Bike at the Jersey Shore during the off-season. Rentals are cheap, streets are empty.
Reminder to self: Bike at the Jersey Shore during the off-season.
Rentals close to the beach are cheap, streets are empty, though yes lots of businesses are closed. (Our group based itself in Avalon.) But boardwalks during Easter week were busy, especially when temperatures hit 80. That’s where we ended up in our search for ice cream.
My first reaction as I biked along this inland trail in Cape May County was jealousy — jealous that this trail could be built along power lines (and even adjacent to two large substations!) while the power company in my town resists requests to extend our trail under the transmission lines, citing all kinds of fears (including involving the rather puny substation that’s also along a road).
While I had no special destination in mind, it’s amazing what you discover when you’re just taking your time.
A gorgeous day — temps eventually topped 70, and it’s only the beginning of April! — called out for a bike ride. And while I had no special destination in mind, it’s amazing what you discover when you’re just taking your time.
This bakery makes a must-eat foodie list. So we biked there. Here’s what we ate.
Spring is here, the sun is out — and I was prepared with a new destination for a bike ride!
I’ve been entertaining myself with some of these “best” foodie lists on NJ.com, and the Baklava Lady in Englishtown popped up on the list of the 50 New Jersey dishes you need to eat in 2023 — specifically the chocolate hazelnut baklava. It also made the list of around the world in 23 New Jersey bakeries (that baklava again plus the spinach and cheese borek got shout-outs). It’s all vegan, if that matters to you. Yeah, sorry about the paywall on those articles, but trust me on this. (Well, the burger on a bagel entry closer to home didn’t sound persuasive…)
Thiis 2.2-mile trail is a loop that has the highest point in Burlington County as its backdrop.
The climbing starts as soon as you leave the parking lot and hit the Arney’s Mount Trail. Climbing is a relative term, though, because this is flat, flat Burlington County, and the highest point is … Arney’s Mount. It’s all of maybe 249 feet, and that’s standing on tip-toes.
How cool would it be to have this bike trail behind your neighborhood?
Burlington County formally opened the 4-mile Rancocas Creek Greenway in September. This trail stretches from Amico Island where the Rancocas Creek meets the Delaware River into Riverside, then across a bridge spanning the Rancocas Creek and into Delanco, then along the creek and past an over-55 neighborhood to beautiful Pennington Park.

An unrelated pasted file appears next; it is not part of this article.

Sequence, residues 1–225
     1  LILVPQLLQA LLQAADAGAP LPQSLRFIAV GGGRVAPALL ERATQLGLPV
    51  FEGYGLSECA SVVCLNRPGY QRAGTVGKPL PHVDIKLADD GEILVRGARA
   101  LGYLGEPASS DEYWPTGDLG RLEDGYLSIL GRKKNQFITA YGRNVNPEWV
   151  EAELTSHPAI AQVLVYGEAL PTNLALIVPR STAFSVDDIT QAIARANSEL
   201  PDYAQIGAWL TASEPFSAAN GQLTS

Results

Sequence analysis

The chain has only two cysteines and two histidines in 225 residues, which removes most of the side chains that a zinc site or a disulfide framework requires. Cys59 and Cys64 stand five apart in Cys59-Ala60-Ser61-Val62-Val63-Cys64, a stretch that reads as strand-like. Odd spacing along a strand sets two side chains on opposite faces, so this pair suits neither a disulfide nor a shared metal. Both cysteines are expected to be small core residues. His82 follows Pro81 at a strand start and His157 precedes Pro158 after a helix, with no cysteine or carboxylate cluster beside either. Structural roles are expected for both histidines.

How cool would it be to have this trail behind your neighborhood?
The D&R Canal towpath was a mess after the one-two punch from Henri and Ida in late August and early September of 2021. Eight months later, it was time to check out how much repair work had been done and how rideable the route is.
The D&R Canal towpath was a mess after the one-two punch from Henri and Ida in late August and early September of 2021. Eight months later, it was time to check out how much repair work had been done and how rideable the route is. So we hopped New Jersey Transit to New Brunswick to find out.
This bike ride, at close to 30 miles, goes from West Windsor through the Assunpink Wildlife Management Area and back via Hightstown.
I discovered the Assunpink area thanks to NJDOT’s High Point to Cape May route and have done many variations of a loop through it since then.
This one, at close to 30 miles, starts and ends by the West Windsor Senior Center (more parking than the nearby library and about a mile from the Princeton Junction train station). It takes you past the camping stop in Mercer County Park (more here), Union Transportation Trail (read about a ride here and a nearby farm brewery) and some horse farms, through the Assunpink Wildlife Management Area and the New Deal town of Roosevelt and into Hightstown and the posh Peddie School, right past the Old Hights Brewery (bike ride here) and back into West Windsor.
The bike-ped path on the new Scudders Falls Bridge is finally open.
There’s now one more way for bicyclists (and walkers and runners) to cross between New Jersey and Pennsylvania — using the new 0.7-mile bike-ped path along the new $534 million (or is it $570 million? After once being projected to cost “just” $310 million?) Scudders Falls Bridge project on I-295.
It opened about a week ago so of course we had to check it out. And it’s great, with long ramps on both ends up to bridge height about 23 feet above the river from the D&R Canal towpath on the Jersey side and the Delaware Canal towpath (part of the D&L Trail) on the PA side as well as a few bump-outs so you can pull over and stare northward (or downward).